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Tourism Sector Calls on Governments to Support Clear Lake Businesses

May 10, 2024 11:33 AM | News

Zebra Mussels

This July 1, 2010 photo shows zebra mussels clustered on a small tree branch that had fallen into Rice Lake near Brainard, Minn. (THE CANADIAN PRESS/AP, The Star Tribune, David Brewster)

With the recent news of Clear Lake being closed to boaters this season, owing to the discovery of zebra mussels, two Manitoba tourism associations are urging the provincial and federal governments to help business owners in the area.

Parks Canada announced Thursday that personal watercraft, including non-motorized items such as canoes and standup paddle boards, won’t be permitted in the lake this summer.

The Tourism Industry Association of Manitoba and Indigenous Tourism Manitoba are calling for financial support for local businesses and increased funding to the visitor experience in Riding Mountain National Park.

“Federal and provincial governments have a duty to step up with support programs to ensure businesses can continue to serve visitors to the region,” said John Gunter, TIAM board chair.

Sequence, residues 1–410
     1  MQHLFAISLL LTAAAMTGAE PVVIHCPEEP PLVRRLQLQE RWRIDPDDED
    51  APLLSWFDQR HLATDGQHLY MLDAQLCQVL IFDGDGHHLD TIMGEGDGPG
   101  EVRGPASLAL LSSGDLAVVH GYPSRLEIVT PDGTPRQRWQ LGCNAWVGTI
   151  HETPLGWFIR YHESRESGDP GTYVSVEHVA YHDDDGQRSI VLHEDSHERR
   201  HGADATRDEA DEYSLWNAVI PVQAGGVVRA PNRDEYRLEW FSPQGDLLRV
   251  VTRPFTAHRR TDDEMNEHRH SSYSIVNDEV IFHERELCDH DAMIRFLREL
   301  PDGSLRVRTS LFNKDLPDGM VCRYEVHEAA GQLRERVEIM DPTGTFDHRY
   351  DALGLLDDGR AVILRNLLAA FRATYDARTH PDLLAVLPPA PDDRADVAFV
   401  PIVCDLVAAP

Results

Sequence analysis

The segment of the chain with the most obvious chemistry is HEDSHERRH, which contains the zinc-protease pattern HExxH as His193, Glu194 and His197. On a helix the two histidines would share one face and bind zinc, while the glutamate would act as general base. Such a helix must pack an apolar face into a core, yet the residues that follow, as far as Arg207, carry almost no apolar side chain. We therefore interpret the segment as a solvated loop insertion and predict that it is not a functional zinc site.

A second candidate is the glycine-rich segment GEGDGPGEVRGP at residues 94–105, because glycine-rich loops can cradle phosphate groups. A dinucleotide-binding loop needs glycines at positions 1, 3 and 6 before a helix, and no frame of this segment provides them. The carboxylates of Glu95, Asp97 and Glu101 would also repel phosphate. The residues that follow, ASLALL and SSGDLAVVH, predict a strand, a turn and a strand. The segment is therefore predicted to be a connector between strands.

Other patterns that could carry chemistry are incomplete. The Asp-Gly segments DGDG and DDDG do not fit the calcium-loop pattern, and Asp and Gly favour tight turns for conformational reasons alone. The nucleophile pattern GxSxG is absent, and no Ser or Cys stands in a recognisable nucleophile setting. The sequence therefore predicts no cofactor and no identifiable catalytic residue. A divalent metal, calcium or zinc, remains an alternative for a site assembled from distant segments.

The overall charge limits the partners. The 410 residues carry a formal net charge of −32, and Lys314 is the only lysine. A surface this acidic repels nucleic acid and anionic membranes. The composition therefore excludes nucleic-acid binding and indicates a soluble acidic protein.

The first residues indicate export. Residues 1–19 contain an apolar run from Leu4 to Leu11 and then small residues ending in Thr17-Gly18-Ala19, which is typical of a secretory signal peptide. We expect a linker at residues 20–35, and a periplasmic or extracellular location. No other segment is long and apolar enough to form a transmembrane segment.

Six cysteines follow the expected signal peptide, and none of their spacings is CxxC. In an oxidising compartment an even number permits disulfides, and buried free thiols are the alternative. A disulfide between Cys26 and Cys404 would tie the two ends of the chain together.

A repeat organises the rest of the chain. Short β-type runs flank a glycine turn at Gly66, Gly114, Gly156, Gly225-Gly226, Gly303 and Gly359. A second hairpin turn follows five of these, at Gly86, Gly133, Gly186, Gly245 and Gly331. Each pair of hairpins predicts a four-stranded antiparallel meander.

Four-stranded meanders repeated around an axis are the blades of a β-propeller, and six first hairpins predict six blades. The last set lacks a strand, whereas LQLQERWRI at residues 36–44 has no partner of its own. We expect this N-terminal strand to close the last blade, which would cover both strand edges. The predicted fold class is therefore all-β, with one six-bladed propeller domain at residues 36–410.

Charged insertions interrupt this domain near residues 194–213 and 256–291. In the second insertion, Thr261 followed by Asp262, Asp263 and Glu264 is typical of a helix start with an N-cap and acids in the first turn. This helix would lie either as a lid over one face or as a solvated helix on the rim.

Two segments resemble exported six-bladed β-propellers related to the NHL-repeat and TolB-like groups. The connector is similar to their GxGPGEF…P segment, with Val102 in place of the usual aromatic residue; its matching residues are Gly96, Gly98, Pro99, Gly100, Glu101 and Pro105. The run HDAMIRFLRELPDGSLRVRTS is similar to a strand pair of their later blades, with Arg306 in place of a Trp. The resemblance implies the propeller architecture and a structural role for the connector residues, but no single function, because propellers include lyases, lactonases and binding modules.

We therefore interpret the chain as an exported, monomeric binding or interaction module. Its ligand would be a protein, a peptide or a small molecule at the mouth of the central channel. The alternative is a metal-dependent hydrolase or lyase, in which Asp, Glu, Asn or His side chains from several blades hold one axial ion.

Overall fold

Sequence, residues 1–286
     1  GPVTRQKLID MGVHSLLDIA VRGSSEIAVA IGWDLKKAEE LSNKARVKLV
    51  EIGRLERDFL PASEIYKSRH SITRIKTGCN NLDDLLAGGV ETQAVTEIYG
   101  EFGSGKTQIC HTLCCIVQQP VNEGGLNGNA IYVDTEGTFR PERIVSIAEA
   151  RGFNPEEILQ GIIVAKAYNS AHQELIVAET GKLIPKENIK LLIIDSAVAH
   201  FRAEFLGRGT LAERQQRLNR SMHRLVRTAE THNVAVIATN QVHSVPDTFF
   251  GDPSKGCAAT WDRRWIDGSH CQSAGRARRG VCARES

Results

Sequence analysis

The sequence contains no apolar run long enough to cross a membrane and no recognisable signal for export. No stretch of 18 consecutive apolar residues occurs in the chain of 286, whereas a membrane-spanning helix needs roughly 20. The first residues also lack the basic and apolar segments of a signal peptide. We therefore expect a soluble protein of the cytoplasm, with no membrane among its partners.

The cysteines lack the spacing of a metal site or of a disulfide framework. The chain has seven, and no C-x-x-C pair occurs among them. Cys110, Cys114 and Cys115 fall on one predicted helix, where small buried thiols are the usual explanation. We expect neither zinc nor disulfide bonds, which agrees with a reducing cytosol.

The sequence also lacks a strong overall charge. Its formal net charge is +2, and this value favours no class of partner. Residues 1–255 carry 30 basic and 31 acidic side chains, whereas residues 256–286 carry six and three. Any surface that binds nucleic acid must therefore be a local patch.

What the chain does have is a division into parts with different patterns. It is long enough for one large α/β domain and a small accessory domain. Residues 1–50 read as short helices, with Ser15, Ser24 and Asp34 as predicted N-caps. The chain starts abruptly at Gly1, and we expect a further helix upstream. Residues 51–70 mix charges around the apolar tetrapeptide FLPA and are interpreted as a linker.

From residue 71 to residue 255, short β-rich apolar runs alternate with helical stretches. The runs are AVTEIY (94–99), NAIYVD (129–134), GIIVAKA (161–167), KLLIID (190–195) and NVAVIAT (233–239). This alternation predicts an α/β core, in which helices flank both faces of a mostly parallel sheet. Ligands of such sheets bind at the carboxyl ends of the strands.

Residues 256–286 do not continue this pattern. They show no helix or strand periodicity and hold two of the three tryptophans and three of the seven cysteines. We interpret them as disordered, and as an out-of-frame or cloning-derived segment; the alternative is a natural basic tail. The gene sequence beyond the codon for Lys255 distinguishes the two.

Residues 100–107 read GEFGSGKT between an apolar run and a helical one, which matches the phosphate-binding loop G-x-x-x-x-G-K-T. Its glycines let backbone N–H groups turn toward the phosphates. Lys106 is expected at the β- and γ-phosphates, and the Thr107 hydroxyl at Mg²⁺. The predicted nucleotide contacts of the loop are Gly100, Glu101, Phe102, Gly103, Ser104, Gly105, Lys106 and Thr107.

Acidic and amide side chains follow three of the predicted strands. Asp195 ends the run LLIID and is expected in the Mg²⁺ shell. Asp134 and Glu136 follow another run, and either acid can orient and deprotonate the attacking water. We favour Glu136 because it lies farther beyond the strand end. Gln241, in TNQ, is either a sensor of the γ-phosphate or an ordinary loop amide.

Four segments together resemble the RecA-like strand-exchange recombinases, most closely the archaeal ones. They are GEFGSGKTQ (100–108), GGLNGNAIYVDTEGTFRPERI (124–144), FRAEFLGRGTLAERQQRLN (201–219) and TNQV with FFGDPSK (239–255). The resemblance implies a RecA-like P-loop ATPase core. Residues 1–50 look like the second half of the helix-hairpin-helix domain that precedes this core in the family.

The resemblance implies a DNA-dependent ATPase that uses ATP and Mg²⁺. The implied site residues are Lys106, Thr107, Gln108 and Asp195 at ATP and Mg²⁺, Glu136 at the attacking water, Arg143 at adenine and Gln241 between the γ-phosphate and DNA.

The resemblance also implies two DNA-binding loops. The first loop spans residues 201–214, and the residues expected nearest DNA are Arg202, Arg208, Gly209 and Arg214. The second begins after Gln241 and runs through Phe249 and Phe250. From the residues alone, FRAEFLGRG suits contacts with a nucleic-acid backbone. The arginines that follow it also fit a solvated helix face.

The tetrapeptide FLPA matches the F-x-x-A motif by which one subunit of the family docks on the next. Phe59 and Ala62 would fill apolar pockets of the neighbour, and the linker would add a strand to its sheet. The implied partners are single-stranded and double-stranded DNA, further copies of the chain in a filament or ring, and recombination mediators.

There isn’t a timeline for when a reassessment of the lake will be completed or when boats may return to the popular lake destination.

During an unrelated media event in Carberry on Friday, Manitoba Premier Wab Kinew said he was disappointed that the federal government let the situation in Clear Lake get to the point of closing the lake for recreation.

“Where was the action last summer?” Kinew asked. “We got to do right by the lake and the environment. But the way it’s been handled with the closure and not a lot of conversation or consultation… I don’t think was the best approach. What it also means, for us as a provincial government, is that those boats are going to go somewhere.”

Kinew said the province has allocated an additional $500,000 in funding this year to watercraft inspection and cleaning stations.

“Manitobans are going to enjoy summer, so we’re going to have to ensure we respond to this federal government announcement by putting in those resources to ensure there are good supports for some of these other summer destinations.”

Meanwhile, the tourism associations are calling on both levels of government to contribute $1 million this season, evenly split between improving the visitor experience in the park and providing economic relief to local businesses in the area.

“It is critical, now more than ever, that all levels of government engage with the community to address the impacts of this decision and develop long-term solutions,” added Chuck Davidson, president and CEO, Manitoba Chambers of Commerce.